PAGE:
We Don’t Need to Push the Log Back in the Water.
I sometimes go to a certain beach, and every time I do the same man is there. He spends the entire day pushing beached logs back into the ocean.
I watch him struggle for hours on one log. He continually pushes it out against each wave that crashes in—and I often giggle to myself, realizing he is the representation of samsara.
It takes this man an afternoon to get one log unstuck. When he does he jumps on the log and straddles it like a canoe, rides it for a few minutes, jumps off, comes back to shore and repeats the cycle again. He is continually choosing a patterned experience of life—one requiring a great amount of effort and not much result.
I am uncertain what this man’s purpose is, but “savior of the shipwrecked” comes to mind.
Here at this beach is a Buddhist lesson to wake me up.
Samsara in Buddhism refers to the repeated cycle of death and rebirth with no consciousness of how to step beyond it. It is the expression of delusion and being caught in a patterned existence of suffering.
This man doesn’t seem like he’s having a lot of fun, but he has become my teacher.
Stuck in the cycle of samsara, we become exhausted without moving forward. The only thing this dance appeases is our egoic belief in fulfilling some sort of role.
I’ve had to ask myself, What role am I still caught in that’s creating useless struggle?
I am, after all, at the same beach again and again—and I’m perpetually on the hunt for something new (usually the perfect partner).
What kind of belief system was that dream born in? Once again, the world around me is my mirror, and I realize I have been choosing to suffer.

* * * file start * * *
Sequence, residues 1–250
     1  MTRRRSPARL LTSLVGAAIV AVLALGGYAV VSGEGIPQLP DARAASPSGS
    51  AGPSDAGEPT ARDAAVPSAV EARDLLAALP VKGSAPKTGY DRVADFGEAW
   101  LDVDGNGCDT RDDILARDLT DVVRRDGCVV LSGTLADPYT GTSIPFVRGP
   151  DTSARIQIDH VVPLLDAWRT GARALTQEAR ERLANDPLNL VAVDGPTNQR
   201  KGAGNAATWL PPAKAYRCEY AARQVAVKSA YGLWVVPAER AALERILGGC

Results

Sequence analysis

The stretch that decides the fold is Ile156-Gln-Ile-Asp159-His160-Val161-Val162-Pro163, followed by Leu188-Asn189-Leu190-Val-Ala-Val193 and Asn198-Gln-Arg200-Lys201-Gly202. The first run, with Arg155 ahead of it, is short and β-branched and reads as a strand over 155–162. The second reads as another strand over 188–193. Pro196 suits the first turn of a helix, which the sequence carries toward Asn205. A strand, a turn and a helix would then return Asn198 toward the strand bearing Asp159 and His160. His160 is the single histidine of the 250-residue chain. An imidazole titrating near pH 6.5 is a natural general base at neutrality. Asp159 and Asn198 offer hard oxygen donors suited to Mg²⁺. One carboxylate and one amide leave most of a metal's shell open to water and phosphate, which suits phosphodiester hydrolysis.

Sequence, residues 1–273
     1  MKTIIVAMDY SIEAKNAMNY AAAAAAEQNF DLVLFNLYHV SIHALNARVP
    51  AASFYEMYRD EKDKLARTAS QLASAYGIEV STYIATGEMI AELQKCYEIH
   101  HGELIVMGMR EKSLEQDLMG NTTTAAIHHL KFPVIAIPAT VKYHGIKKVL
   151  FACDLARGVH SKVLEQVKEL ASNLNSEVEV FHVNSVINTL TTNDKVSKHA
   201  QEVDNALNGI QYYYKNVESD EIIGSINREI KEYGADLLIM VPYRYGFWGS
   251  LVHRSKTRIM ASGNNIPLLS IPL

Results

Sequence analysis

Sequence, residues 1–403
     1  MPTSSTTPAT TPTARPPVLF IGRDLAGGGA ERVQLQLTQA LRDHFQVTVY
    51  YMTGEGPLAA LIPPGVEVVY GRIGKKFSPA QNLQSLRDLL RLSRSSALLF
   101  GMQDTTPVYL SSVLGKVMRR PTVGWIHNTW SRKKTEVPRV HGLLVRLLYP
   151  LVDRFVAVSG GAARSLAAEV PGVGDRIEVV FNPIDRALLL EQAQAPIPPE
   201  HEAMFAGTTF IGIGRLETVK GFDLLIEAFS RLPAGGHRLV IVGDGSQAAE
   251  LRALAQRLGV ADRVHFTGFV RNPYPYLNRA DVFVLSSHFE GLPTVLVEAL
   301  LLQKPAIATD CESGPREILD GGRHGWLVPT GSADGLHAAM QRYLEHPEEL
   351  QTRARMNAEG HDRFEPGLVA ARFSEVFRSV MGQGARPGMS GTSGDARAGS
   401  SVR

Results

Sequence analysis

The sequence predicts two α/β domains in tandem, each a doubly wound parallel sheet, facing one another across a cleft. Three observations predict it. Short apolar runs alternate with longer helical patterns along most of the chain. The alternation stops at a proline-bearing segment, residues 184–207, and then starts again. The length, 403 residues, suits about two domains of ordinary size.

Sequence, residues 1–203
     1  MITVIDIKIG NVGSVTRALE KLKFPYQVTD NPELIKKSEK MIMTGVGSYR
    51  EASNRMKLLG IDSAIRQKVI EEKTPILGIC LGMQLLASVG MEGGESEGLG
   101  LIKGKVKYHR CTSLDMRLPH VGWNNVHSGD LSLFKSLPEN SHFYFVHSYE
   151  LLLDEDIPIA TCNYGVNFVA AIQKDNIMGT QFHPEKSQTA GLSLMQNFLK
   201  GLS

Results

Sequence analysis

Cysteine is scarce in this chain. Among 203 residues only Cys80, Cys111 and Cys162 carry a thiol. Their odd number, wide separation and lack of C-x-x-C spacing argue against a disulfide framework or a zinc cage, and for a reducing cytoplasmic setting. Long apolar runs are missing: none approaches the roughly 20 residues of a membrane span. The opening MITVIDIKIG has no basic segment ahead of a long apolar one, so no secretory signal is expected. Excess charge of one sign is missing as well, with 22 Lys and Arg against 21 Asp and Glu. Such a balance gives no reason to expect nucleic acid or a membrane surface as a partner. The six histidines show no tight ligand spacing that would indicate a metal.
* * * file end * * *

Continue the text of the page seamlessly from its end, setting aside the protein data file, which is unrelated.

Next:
I notice that in my focus on the man, I had ignored the role of the log.
The ironic thing about the log is that it most likely doesn’t want to be back in the sea. After floating in the open ocean for so long, I suspect it craves grounding. Just like us, it may have been searching for years—and decided it needed some rest.
Sometimes it’s nice to land on a beach, to stay put for a while and take in the surroundings of just one place. In fact, it’s necessary.
It begins to upset me to see this man pushing each log back in the water. I want to yell—
“Let them be.”
“They know what’s best for them!”
It’s not easy getting ourselves up onto solid ground. It takes a lot of big swells and constant riding of unpredictable waves for us to eventually discover something more concrete.
“Don’t take their hard work away from them,”
I want to shout. They’re wisely resting until the next big storm.
And so this too is reflected in our own lives. We are closer relatives to nature than we realize, and a deeper, more natural flow is available than the one we often force.
For whenever we push against the reality of life, we will always suffer. Why not sit back for a bit and watch the waves roll in on their endless cycle, and rather than get caught up in them, observe their crashing from a sandy shore?
To be stuck in samsara means to be continually consumed in a blind battle. This victory-less war is indicative of our mind, which does not understand the flow of natural order.
In Buddhism, we work on bringing our focus to things other than the mind—like our bodies, their weight, the breath inside them and our posture—in order to release ourselves from our previous patterns of reaction.
The Sanskrit word for these habitual behaviors is samskaras (sam meaning “joined together” and skara meaning “action” or “doing,”) and are built on our tendencies and karmic impulses—the very patterns we came back here to heal.
As I watch this man do his karmic work on the beach, I can’t help wonder what he’s attempting to heal—perhaps the idea that to live we must struggle?
Often the best way for us to release ourselves from these patterns is to do something radically different and completely opposite—like rest.
Some people still need the cycles of samsara filled with its many samskaras, but perhaps others just need the permission to be—to ride the waves onto the beach for a while, to sit in stillness and contemplate what came before, to release our old stories and to eventually get bored enough to feel fully ready to be carried off by the next wild storm.
Author: Sarah Norrad
Image: Sarah Norrad on Instagram
Editor: Toby Israel